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Apple's massive 'iPad 3' air freight deal with DHL shaking up shipping rates - Page 2

post #41 of 74
Quote:
Originally Posted by Dickprinter View Post

I don't understand why shipping rates would increase because Apple has taken capacity away from DSL. Why wouldn't DSL charter/lease special planes just for Apple's shipments if they don't have enough available? When FedEx or UPS has increased demand around the holidays they don't raise their rates because they need more capacity, they just pull additional planes out of the hangars and blow the dust off or increase flight frequency. It's the nature of the shipping beast, so to speak.

You can't just "charter" or "lease" capacity without incurring rising costs to your own price. Overtime, employee's, rentals, etc. all make brief moments in time like these more expensive. If it didn't work this way, everyone would own a freight company. Companies have to get freight capacity from smaller outfits and they may or may not charge more. My guess is they are not as efficient as UPS and FedEx.

The article is just stating since Apple has taken a large chunk of capacity the price of shipping in general has risen in the near term. Prices will stabilize or UPS, FedEx, DHL, and others will expand thus decreasing the price sooner or later.
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post #42 of 74
Quote:
Originally Posted by SolipsismX View Post

I think the biggest issue with same day sales of this product is that you'd have to deliver to stores the day before. As soon as you get outside their guarded warehouse for store delivers you are limit your control over the product. From China to the US it's very large shipments are surely guarded but from store to store that security drops off considerably.

Based on the iPhone 4S launch and iPad HD news I would expect pre-orders on Friday, the 9th, deliveries starting the following Wednesday, the 14th, even though are scheduled for the following Friday, the 16th, and in store sales starting on the 16th.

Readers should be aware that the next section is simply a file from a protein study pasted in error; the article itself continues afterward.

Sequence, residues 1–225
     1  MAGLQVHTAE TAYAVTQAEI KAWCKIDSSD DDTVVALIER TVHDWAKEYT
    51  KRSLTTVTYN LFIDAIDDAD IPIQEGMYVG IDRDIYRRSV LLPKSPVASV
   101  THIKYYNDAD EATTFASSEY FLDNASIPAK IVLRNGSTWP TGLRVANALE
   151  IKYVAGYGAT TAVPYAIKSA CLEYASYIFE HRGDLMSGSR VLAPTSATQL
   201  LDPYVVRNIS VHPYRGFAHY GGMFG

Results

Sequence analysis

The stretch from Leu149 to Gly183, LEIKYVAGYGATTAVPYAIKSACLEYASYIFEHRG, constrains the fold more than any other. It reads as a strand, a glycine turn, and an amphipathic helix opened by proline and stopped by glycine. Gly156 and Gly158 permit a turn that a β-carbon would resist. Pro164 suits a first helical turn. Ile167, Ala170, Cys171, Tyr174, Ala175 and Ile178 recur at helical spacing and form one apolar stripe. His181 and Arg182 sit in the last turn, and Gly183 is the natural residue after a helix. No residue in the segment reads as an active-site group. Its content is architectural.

Ahh... logistics!

Not to mention the announcement is 10:00-11:00 AM PST -- or 1:00-2:00 PM EST... this doesn't leave much time to form lines (scalpers aside).

Besides, all those SammyShills wi need time to prepare to parade in front of the lines for iPads...
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post #43 of 74
Quote:
Originally Posted by Dickprinter View Post

That's a good analogy, thanks, but I feel that is a little short-sighted move, business wise. I risk losing a customer if he knows the reason why I'm charging him more than usual is because I'm putting all of my "Apples" in one basket for a month, which prevents me from servicing my usual customers. It's like I'm punishing my regular customers just because I got a mother lode order from a new customer. At the least I'm only pissing them off by charging them more this one time but they're still getting their job and I can only hope to retain that customer. At the most I'll lose that customer for good. Does what I'm saying make sense or am I missing something?

That's why I said earlier that if DHL doesn't have the current plane capacity to make this special shipment for Apple, why wouldn't they just lease or charter extra planes for the Apple shipments, since they ARE getting a premium from Apple, and then it wouldn't disrupt or affect their normal/regular business customers. Obviously I'm a printer and don't understand how the shipping biz works.

If they were your regular customers, they would have pre-booked the space they need. If they're not willing to commit, you shouldn't be obligated to hold any space for them. They know they get good rates if you commit ahead of time instead of at the last minute.
post #44 of 74
Quote:
Originally Posted by Dickprinter View Post

That's a good analogy, thanks, but I feel that is a little short-sighted move, business wise. I risk losing a customer if he knows the reason why I'm charging him more than usual is because I'm putting all of my "Apples" in one basket for a month, which prevents me from servicing my usual customers. It's like I'm punishing my regular customers just because I got a mother lode order from a new customer. At the least I'm only pissing them off by charging them more this one time but they're still getting their job and I can only hope to retain that customer. At the most I'll lose that customer for good. Does what I'm saying make sense or am I missing something?

That's why I said earlier that if DHL doesn't have the current plane capacity to make this special shipment for Apple, why wouldn't they just lease or charter extra planes for the Apple shipments, since they ARE getting a premium from Apple, and then it wouldn't disrupt or affect their normal/regular business customers. Obviously I'm a printer and don't understand how the shipping biz works.

I think you are assuming only DHL's rates are going up 20%. The article merely says sources in the shipping industry said "shipping rates" are up this week. We aren't talking about some company booking a couple of planes. Apple has shown a tendency to book up entire industries before, such as NAND. What if Apple is actually booking a significant amount of the actual air freight *capacity* coming out of China? There aren't unlimited planes, DHL or anyone, that fly out of China. When a resource becomes constrained, prices go up.